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“Consuming enough buckwheat can keep epileptic seizures at bay. Advertisements”
Great for making bread, pasta, and pancakes – the nutty flavor of buckwheat makes it a great addition to every pantry. Contrary to popular belief, buckwheat is not a grain. It is, in fact, a seed that comes from the rhubarb family. Buckwheat’s nutritional quality makes it a favorite with nutritionists. Here’s a reckoner of the benefits it provides.
1. Aids Weight Loss
If you’ve been on a diet, don’t hesitate to add buckwheat to your meals.[ref]The Basics of Healthy Eating. Mississippi State Department Of Health.[/ref] A cup of the seed provides 17 grams of fiber, which makes up for a whopping 68% of your daily recommended intake.[ref]Full Report (All Nutrients): 20008, Buckwheat. United States Department Of Agriculture.[/ref] Fiber may regulate hunger hormones, including ghrelin, and make you feel full. In addition to this, it may also slow down the movement of food through the gut and promote satiety. Both these benefits prevent overeating and aid in meeting daily caloric requirements.[ref]St-Pierre, David H., Rémi Rabasa-Lhoret, Marie-Ève Lavoie, Antony D. Karelis, Irene Strychar, Eric Doucet, and Lise Coderre. “Fiber intake predicts ghrelin levels in overweight and obese postmenopausal women.” European journal of endocrinology 161, no. 1 (2009): 65-72.[/ref] [ref]Holzer, Peter, and Aitak Farzi. “Neuropeptides and the microbiota-gut-brain axis.” In Microbial endocrinology: the microbiota-gut-brain axis in health and disease, pp. 195-219. Springer, New York, NY, 2014.[/ref] [ref]Cani, Patrice D., Elodie Lecourt, Evelyne M. Dewulf, Florence M. Sohet, Barbara D. Pachikian, Damien Naslain, Fabienne De Backer, Audrey M. Neyrinck, and Nathalie M. Delzenne. “Gut microbiota fermentation of prebiotics increases satietogenic and incretin gut peptide production with consequences for appetite sensation and glucose response after a meal.” The American journal of clinical nutrition 90, no. 5 (2009): 1236-1243.[/ref] [ref]Slavin, Joanne. “Fiber and prebiotics: mechanisms and health benefits.” Nutrients 5, no. 4 (2013): 1417-1435.[/ref]
2. Improves Blood Sugar Control
High levels of sugar in the blood can lead to chronic diseases like type-2 diabetes and moderating the rise in blood sugar levels after meals can aid in the maintenance of good health. Since it’s a good source of fiber, buckwheat ranks low–medium on the glycemic index.[ref]Buckwheat. The University Of Sydney.[/ref] This indicates that the rise in blood sugar is slow and gradual after eating buckwheat.[ref]Zhang, Hong-Wei, Yong-Hong Zhang, Ming-Jun Lu, Wei-Jun Tong, and Guang-Wen Cao. “Comparison of hypertension, dyslipidaemia and hyperglycaemia between buckwheat seed-consuming and non-consuming Mongolian-Chinese populations in Inner Mongolia, China.” Clinical and experimental pharmacology & physiology 34, no. 9 (2007): 838-844.[/ref] [ref]He, Jiang, Michael J. Klag, Paul K. Whelton, Jing-Ping Mo, J. Y. Chen, M. C. Qian, P. S. Mo, and GUAN-QING He. “Oats and buckwheat intakes and cardiovascular disease risk factors in an ethnic minority of China.” The American journal of clinical nutrition 61, no. 2 (1995): 366-372.[/ref] [ref]Kawa, Julianne M., Carla G. Taylor, and Roman Przybylski. “Buckwheat concentrate reduces serum glucose in streptozotocin-diabetic rats.” Journal of Agricultural and Food Chemistry 51, no. 25 (2003): 7287-7291.[/ref]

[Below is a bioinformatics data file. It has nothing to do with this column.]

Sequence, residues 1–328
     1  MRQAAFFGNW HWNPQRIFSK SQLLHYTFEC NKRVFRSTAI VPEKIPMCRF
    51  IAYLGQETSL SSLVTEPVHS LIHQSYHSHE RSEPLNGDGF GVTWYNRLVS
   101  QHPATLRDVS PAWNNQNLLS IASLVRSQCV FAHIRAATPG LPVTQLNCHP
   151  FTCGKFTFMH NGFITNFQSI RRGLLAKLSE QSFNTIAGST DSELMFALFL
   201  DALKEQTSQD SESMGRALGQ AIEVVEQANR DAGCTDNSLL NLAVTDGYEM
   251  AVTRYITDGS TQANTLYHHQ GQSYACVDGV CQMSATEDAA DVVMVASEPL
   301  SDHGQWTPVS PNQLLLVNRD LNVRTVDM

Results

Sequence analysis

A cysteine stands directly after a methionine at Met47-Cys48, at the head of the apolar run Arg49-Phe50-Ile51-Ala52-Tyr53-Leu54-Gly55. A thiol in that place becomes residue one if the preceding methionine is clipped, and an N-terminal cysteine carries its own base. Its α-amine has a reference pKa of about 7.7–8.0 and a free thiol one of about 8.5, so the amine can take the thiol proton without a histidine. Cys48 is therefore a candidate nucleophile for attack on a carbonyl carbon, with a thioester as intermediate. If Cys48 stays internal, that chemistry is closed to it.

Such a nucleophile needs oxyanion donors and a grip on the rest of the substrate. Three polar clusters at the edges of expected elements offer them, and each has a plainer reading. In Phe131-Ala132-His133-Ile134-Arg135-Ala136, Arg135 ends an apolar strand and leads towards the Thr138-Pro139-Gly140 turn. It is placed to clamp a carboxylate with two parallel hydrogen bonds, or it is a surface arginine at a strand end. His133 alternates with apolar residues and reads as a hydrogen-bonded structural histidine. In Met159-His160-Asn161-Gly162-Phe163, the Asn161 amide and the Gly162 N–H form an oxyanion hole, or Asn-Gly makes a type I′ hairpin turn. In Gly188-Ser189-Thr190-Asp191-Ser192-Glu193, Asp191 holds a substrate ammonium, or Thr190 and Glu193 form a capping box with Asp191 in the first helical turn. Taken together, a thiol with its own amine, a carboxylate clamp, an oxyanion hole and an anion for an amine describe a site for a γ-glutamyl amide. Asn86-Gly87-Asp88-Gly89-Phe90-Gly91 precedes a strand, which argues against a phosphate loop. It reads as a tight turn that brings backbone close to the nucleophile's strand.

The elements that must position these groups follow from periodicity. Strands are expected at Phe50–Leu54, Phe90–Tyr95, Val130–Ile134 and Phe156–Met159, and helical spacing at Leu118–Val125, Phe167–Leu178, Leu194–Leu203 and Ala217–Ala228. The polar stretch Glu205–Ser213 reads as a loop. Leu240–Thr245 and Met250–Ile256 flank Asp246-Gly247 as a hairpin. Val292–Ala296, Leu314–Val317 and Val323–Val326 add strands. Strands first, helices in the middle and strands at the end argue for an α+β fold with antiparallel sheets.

Studies have linked the consumption of buckwheat with lower blood sugar in diabetics by as much as 12–19%. This effect could be due to a unique soluble carbohydrate, namely D-chiro-inositol, which makes cells more sensitive to insulin, which is the hormone causes them to absorb sugar from the blood. In addition to this, certain components of buckwheat may prevent or delay the digestion of table sugar. Adding this seed to your diet can help you manage your blood sugar levels.[ref]Hosaka, Toshio, Yoshitaka Nii, Hiroyuki Tomotake, Takahiro Ito, Aya Tamanaha, Yukiko Yamasaka, Sayaka Sasaga et al. “Extracts of common buckwheat bran prevent sucrose digestion.” Journal of nutritional science and vitaminology 57, no. 6 (2011): 441-445.[/ref] [ref]Fonteles, M. C., M. Q. Almeida, and J. Larner. “Antihyperglycemic effects of 3-O-methyl-D-chiro-inositol and D-chiro-inositol associated with manganese in streptozotocin diabetic rats.” Hormone and Metabolic Research 32, no. 04 (2000): 129-132.[/ref] [ref]Ortmeyer, Heidi K., Joseph Larner, and Barbara C. Hansen. “Effects of d‐chiroinositol added to a meal on plasma glucose and insulin in hyperinsulinemic rhesus monkeys.” Obesity Research 3, no. S4 (1995): 605S-608S.[/ref] [ref]Yao, Yang, Fang Shan, Junsheng Bian, Feng Chen, Mingfu Wang, and Guixing Ren. “D-chiro-inositol-enriched tartary buckwheat bran extract lowers the blood glucose level in KK-Ay mice.” Journal of Agricultural and Food Chemistry 56, no. 21 (2008): 10027-10031.[/ref]
3. Promotes Heart Health